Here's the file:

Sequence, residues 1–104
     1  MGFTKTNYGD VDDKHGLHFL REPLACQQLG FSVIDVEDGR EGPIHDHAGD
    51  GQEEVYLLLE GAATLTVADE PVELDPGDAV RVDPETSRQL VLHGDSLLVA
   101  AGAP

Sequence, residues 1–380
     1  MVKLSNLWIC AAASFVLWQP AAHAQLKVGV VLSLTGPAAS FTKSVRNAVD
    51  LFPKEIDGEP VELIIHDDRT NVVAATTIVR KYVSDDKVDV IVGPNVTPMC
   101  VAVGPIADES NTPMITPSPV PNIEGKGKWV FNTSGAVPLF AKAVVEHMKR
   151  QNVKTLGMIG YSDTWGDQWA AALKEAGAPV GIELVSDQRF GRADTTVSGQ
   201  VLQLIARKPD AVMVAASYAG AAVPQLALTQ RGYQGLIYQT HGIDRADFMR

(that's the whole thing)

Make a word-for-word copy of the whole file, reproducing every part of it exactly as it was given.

Sequence, residues 1–104
     1  MGFTKTNYGD VDDKHGLHFL REPLACQQLG FSVIDVEDGR EGPIHDHAGD
    51  GQEEVYLLLE GAATLTVADE PVELDPGDAV RVDPETSRQL VLHGDSLLVA
   101  AGAP

Sequence, residues 1–380
     1  MVKLSNLWIC AAASFVLWQP AAHAQLKVGV VLSLTGPAAS FTKSVRNAVD
    51  LFPKEIDGEP VELIIHDDRT NVVAATTIVR KYVSDDKVDV IVGPNVTPMC
   101  VAVGPIADES NTPMITPSPV PNIEGKGKWV FNTSGAVPLF AKAVVEHMKR
   151  QNVKTLGMIG YSDTWGDQWA AALKEAGAPV GIELVSDQRF GRADTTVSGQ
   201  VLQLIARKPD AVMVAASYAG AAVPQLALTQ RGYQGLIYQT HGIDRADFMR